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Guest blog by Clare Wolfowitz, Ph.D.
What works? Carefully designed community outreach works. And community capacity-building works. Here’s how.
Outreach: introducing mosquito bed nets
In 2009, Health In Harmony's partner Alam Sehat Lestari (ASRI) obtained 4,000 mosquito nets from the Against Malaria Foundation, to combat persistent malaria in the region, as one of their most common diagnoses. What followed is a remarkable success story. The mosquito net distribution — like all ASRI programs — integrated health care with both conservation AND education outreach.
ASRI’s Community Outreach Coordinator, Etty Rahmawati, led two distribution meetings, in each of 23 villages. At the first meeting, she explained the importance of using bed nets; and she distributed polybags to each household for growing small tree seedlings, to be returned to ASRI as payment for the bed nets. (While health care should be accessible to all, the ASRI team understood that such payments play a role in the perceived value of health care, as well as representing an important contribution.) Then, two months later, Etty held a second meeting in each village, where community members had the opportunity to exchange their tree seedlings for bed nets. After demonstrating how to use the nets, Etty used her storytelling gifts to explain the importance of forest conservation — and tree-planting — in combating malaria. (A study in Brazil had found that just a 4 percent decrease in forest cover led to a 50 percent increase in malaria rates.)
The result of this intensive outreach was dramatic. The nets were indeed properly used, and malaria cases sharply decreased - in 2010 and 2011, the clinic did not see a single local case of malaria. And today ASRI's Executive Director, Monica Nirmala, reports that malaria diagnosis has essentially disappeared.
Capacity-building: mobilizing community health workers
How did ASRI achieve close to 100% compliance in tuberculosis treatment? And why is this critically important?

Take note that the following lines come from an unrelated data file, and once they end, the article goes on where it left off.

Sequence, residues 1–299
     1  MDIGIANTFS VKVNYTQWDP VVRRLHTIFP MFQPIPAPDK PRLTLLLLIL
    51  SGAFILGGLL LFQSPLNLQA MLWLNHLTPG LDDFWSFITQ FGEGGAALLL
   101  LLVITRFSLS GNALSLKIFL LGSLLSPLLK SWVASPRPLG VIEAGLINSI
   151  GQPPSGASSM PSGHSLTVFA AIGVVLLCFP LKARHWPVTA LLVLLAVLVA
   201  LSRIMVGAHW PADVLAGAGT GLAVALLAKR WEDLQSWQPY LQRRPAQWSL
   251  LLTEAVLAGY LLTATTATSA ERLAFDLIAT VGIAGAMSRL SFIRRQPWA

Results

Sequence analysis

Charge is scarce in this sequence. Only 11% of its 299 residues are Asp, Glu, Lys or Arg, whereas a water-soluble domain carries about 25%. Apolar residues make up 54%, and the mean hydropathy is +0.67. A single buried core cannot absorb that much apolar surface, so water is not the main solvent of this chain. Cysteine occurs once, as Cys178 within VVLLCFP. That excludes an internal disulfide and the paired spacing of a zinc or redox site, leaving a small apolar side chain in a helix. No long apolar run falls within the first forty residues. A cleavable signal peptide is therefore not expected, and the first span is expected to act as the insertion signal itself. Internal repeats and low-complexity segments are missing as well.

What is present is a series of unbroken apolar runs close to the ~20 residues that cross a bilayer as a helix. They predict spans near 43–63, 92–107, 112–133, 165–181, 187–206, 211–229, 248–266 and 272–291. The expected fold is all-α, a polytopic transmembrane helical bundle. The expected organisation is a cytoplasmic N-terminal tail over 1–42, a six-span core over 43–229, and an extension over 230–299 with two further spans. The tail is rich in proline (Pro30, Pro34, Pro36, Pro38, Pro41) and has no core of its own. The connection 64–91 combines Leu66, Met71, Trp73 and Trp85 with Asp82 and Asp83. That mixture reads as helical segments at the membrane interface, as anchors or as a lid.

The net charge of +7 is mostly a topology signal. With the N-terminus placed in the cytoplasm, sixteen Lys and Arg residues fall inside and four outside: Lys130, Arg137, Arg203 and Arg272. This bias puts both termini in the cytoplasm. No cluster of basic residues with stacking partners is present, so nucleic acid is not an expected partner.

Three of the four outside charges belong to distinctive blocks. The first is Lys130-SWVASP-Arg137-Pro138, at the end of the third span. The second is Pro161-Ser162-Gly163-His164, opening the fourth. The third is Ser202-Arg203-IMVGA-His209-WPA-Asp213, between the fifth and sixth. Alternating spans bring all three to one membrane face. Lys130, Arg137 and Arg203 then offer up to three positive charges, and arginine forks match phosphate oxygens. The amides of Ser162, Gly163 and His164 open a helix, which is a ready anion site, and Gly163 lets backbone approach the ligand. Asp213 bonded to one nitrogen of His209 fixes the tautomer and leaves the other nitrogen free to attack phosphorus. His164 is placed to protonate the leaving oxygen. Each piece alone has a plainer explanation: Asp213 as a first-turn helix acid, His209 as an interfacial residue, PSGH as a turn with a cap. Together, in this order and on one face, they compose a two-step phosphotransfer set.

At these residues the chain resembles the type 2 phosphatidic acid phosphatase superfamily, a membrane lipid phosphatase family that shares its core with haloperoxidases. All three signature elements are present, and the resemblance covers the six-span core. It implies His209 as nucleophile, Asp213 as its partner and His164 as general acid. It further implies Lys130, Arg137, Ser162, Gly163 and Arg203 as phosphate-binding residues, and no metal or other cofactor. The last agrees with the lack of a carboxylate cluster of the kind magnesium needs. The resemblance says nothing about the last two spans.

Treating tuberculosis is notoriously difficult. But effective treatment is critical not only to prevent the development of resistant strains but also to reduce the rate of infection of family members and others in the community. Treatment requires each patient to continue taking daily medication for six months — long past the point when they are symptom-free. Therefore, the established protocol is “directly observed treatment,” by either giving medications directly at a treatment center or having a family member give the medication. But these two approaches have not proven to ensure sustained patient compliance.
So — ASRI adopted the “Avon calling” approach. In 2007, Health In Harmony Founder, Dr. Kinari Webb, recognized that tuberculosis was endemic in the region and that treatment presented a challenge. Thus, as almost its first program, ASRI hired and trained someone in each village to (1) visit tuberculosis patients in their homes, on a daily basis, and (2) report accurately on medication compliance. Moreover, in order to keep their jobs, these community health workers were required to have perfect performance records themselves, since a single missed dose might jeopardize the treatment’s success.
As a result, in the first year, the patient dropout rate declined from 50 to 18 percent. It continued to drop each year, to eventually reach less than one percent — even while treating hundreds of tuberculosis patients every year.
Thank you for making this amazing progress possible!
About Clare Wolfowitz
Clare is the Vice President of the Health In Harmony Board of Directors. She spent several years living in Indonesia but currently resides in Washington, DC.